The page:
As a registered dietitian, I try to keep abreast of sport/nutrition topics that may benefit my clients. Recently, I came across a study published in the Journal of American Academy Pediatrics by Amanda Weiss Kelly, M.D, which had many important points I would like to discuss in this column.
A new medical condition called “Female Athlete Triad” has been discovered, and it’s one that we must be on a lookout for among junior female (and sometimes male) athletes. Triad conditions include eating disorders, menstrual issues and weakened bones, according to the American Academy of Pediatrics. Experts suggest that all three conditions must be present together to cause long-term health issues, and that they are triggered by strenuous sports training and not eating enough to supplement the body's demands.
In order to properly diagnose Female Athlete Triad, doctors or nutritionists should ask a number of questions about eating habits, menstrual patterns and orthopedic issues such as stress fractures. While the emphasis is on girls, boys can also be affected by bone issues and eating disorders.
Depending on the answers, a doctor can decide what to do next. If a girl has had stress fractures without any increase in training and has irregular menstrual periods, testing bone health may be your next step.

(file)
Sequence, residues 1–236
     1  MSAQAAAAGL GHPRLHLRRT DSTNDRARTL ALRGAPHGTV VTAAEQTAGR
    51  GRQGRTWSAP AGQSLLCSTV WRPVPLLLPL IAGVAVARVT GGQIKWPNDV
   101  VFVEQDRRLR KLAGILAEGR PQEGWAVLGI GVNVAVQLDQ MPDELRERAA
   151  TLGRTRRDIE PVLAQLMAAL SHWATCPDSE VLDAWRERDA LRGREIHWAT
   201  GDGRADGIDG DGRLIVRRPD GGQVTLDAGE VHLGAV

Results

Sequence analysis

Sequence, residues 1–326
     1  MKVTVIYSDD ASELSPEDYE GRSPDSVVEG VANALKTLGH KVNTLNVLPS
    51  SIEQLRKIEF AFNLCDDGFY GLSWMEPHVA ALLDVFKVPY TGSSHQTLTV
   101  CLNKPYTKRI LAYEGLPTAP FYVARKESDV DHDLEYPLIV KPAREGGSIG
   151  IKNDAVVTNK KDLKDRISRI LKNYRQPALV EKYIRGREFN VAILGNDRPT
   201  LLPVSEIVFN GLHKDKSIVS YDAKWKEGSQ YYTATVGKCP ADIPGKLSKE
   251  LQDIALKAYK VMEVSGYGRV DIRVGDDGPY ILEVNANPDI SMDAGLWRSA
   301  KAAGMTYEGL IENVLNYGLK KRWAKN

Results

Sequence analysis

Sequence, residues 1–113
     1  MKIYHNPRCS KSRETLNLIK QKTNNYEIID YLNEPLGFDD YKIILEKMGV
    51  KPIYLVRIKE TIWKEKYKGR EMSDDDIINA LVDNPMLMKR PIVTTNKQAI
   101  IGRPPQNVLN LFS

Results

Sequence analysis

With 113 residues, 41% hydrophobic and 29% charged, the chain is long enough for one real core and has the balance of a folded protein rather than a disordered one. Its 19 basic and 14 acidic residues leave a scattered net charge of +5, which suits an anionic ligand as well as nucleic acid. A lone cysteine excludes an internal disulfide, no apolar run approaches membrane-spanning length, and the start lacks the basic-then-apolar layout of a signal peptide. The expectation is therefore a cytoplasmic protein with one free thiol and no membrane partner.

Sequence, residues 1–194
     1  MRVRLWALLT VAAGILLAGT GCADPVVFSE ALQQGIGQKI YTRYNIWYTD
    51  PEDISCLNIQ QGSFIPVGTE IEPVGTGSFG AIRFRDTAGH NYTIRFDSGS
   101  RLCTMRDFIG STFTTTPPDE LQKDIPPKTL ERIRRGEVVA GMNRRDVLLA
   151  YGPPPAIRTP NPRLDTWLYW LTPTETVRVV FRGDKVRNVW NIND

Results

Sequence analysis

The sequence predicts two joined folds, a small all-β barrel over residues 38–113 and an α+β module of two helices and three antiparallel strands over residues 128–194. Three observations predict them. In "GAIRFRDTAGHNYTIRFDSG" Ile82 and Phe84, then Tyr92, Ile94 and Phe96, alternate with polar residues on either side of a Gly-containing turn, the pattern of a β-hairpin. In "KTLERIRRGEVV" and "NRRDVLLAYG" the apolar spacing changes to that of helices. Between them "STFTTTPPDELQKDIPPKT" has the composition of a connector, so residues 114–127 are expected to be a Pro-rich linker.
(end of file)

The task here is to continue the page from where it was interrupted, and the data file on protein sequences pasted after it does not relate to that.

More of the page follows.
Kids do not need to have an eating disorder to be affected by the Triad, but not consuming enough calories and missing key nutritional elements may impact bone health and lead to stress fractures and menstrual issues.
The proper thing to do is to make sure that your children are getting enough calories to meet their output. Teens, on average, require approximately 1,800-2,200 calories per day just to properly grow up. Depending on the intensity of the sport and training, caloric intake must be adjusted. A registered dietitian can help you calculate proper proportions of calories/protein/fat and fluids, and suggest a proper meal plan.
Kids need an extra 100 calories for every mile they run. That means if your child runs two to three miles during a tennis match or a practice, he or she must add 200-300 calories to their daily caloric intake (for example, a banana and two tablespoons of peanut butter or a smoothie will account for that caloric loss).
According to the report, up to one-third of high school female athletes may have at least one component of the Triad, so it is very important to closely monitor their activity and seek medical advice in order to prevent permanent damage.